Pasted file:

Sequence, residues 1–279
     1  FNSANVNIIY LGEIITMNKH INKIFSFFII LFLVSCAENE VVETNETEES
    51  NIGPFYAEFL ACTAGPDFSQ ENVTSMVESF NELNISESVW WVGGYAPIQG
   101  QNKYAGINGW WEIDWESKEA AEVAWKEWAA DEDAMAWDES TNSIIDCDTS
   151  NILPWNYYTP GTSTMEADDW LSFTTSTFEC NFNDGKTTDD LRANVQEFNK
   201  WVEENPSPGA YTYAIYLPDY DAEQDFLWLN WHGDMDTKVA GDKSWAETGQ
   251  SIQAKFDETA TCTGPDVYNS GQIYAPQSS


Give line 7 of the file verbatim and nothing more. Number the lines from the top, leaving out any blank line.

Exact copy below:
   251  SIQAKFDETA TCTGPDVYNS GQIYAPQSS